To preserve in its original state or to renovate, revamp and use today - that is the enduring question for Tel Aviv planners, faced with historic sites.
So much of historic importance happened in what is now called The Hall of Independence, in Rothschild Boulevard, that it just had to be retained the way it was. Originally the building was just "lot number 43" on the sand dunes of Ahuzat Bayit, where a new Jewish neighbourhood was about to be built outside Jaffa. This lot fell to Meir Dizengoff and his wife, founder and later Mayor of Tel Aviv, who bequeathed his home to the city to be used as an art museum.
Fast forward to Friday May 14, 1948. The British were about pull-out and the future leaders of the country were embroiled in an argument about whether or not to declare our independence now. It was a historic never-to-return moment -but there was a lot of pressure from America not to anger our Arab neighbours by declaring our statehood and thereby cause an invasion .
The leaders, especially David Ben Gurion, realised that whatever happened, the Arabs were going to attack - they were already attacking - so they decided: at least let us be in our own official sovereign state, governing our own policies and with our own official army to fight for our existence.
The correct place for this historic declaration to be officially made was Jerusalem. But Jerusalem was under siege - and it was Friday afternoon so everything had to be arranged before Shabbat.
This building, the Tel Aviv Art Museum, was ideal, because the main large exhibition room was partly below ground and therefore less of a security risk in the case of an aerial bombardment, if word got out of what was about to happen.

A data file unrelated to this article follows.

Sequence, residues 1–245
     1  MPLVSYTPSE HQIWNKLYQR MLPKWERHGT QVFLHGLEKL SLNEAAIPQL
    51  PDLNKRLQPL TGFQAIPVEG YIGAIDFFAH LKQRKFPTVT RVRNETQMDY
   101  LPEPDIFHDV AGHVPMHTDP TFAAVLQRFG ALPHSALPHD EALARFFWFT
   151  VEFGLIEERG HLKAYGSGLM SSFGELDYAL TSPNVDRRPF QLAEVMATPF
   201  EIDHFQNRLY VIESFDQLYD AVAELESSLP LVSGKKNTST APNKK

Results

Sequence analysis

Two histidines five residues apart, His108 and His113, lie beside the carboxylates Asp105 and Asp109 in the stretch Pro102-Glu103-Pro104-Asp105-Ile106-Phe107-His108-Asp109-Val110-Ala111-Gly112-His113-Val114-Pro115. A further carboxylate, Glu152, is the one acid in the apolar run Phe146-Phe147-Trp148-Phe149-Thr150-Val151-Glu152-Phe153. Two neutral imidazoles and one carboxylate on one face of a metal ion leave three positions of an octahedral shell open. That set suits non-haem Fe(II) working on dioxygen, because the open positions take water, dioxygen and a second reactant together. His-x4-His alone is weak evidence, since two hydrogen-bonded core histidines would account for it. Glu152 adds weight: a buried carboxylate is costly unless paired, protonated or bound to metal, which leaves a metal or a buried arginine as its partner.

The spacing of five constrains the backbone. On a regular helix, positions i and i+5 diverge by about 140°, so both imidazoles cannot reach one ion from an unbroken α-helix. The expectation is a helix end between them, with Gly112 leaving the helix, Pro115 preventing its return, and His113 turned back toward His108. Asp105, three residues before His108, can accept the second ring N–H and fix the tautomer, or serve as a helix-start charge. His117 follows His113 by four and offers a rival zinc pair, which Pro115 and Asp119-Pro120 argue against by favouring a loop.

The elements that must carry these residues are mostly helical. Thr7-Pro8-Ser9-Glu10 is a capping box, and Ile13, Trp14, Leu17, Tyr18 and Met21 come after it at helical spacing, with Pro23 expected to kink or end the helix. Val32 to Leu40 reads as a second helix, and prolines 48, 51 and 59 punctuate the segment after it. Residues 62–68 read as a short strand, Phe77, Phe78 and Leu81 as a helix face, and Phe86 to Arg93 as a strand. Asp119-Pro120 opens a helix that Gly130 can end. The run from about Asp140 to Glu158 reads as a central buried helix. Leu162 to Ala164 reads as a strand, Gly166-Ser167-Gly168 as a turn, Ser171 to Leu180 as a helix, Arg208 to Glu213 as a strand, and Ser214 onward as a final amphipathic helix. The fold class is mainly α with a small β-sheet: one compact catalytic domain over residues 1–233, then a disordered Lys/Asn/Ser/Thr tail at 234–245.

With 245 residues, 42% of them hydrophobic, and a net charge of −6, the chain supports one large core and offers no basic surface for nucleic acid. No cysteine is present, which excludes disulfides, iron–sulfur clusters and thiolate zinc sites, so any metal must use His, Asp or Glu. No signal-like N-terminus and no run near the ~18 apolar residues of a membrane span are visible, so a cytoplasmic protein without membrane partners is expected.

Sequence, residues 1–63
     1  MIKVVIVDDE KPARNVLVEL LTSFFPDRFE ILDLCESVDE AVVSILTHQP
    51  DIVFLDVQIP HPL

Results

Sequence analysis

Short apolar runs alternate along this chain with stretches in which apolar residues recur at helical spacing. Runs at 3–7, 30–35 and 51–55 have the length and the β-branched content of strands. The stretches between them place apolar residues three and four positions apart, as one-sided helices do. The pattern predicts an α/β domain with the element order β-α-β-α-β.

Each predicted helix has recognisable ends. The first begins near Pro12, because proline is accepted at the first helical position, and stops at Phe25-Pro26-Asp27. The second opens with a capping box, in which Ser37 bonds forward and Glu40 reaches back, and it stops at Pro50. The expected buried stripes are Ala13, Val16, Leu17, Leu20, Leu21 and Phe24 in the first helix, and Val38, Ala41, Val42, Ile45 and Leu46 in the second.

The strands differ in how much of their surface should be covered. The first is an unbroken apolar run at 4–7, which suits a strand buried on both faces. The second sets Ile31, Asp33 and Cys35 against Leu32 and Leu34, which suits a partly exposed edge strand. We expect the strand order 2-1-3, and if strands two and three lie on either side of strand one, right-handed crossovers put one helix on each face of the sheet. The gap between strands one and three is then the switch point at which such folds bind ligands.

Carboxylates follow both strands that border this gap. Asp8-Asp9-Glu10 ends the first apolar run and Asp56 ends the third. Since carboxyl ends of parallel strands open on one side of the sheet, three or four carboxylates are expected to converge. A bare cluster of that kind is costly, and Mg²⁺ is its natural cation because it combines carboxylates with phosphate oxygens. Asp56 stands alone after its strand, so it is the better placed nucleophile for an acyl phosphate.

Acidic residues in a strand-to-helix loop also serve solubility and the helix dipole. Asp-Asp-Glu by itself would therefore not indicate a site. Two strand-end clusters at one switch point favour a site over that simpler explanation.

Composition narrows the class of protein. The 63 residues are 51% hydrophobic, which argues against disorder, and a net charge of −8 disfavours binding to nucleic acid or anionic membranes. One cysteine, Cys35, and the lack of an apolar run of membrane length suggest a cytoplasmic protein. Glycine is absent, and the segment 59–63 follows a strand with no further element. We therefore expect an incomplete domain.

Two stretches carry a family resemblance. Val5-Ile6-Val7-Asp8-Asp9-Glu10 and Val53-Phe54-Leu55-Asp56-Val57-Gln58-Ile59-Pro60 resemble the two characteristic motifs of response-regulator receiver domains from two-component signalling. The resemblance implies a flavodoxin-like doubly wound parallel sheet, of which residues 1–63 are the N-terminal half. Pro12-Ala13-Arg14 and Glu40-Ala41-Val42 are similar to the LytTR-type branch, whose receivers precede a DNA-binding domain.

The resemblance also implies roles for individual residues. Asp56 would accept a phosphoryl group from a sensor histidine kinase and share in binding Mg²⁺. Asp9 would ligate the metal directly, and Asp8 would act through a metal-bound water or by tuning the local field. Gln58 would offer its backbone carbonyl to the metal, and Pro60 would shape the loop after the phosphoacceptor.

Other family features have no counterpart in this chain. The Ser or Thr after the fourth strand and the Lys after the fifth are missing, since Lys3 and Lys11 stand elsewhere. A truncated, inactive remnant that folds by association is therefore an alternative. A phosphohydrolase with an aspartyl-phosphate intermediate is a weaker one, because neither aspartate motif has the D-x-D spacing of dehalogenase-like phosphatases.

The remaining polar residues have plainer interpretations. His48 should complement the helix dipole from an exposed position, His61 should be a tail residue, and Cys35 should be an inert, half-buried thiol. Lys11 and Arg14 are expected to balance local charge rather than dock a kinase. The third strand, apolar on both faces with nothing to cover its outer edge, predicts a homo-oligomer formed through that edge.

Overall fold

Once the decision to go ahead was made, everything was arranged in a great hurry and in secret. Chairs were borrowed from local café, loudspeakers from nearby music shops and a carpet from another shop, while a local carpenter hastily put together a stage. This is how and where the State of Israel was declared. No pomp. Short ceremony. The stage, its furniture and the background still remain as they did that day.
In contrast, the old Jaffa Railway station, while extremely busy and important for travellers in its heyday, held no intrinsic historic importance that warranted its being turned entirely into a museum. In fact the site was left neglected and desolate for more than 50 years until its potential finally came to be appreciated. Maybe it had something to do with its proximity to the beautifully renovated and restored Neve Zedek neighbourhood, which is the cultural centre of Tel Aviv today. Maybe it is because of the newly revamped IDF Museum, almost next door, or because it is opposite one of the most popular sections of Tel Aviv's beach.
Whatever the reason, about 10 years ago, work started to reclaim and rebuild this area and turn it into a thriving cultural and leisure area known simply as The Tachana (Hebrew for station).
The station buildings were meticulously and painstakingly restored and renovated, leaving their exterior and much of the interior intact.
An old train carriage, which has been turned into a museum, stands in a place of honour in the complex reminding everyone of the origins of this popular modern attraction. There are already assorted restaurants and cafés here, alongside upscale clothes, jewellery and antique shops, as well as a specialist toy outlet and bookshops.
Some 22 buildings were restored, looking far more attractive now than they ever did, but still maintaining their architectural and historical integrity.
The complex is already well worth a visit and there is plenty to do and see, but as every day passes more and more of the buildings are being populated and shops opened and there are further plans for regular children's entertainment, festivals, markets and changing exhibitions.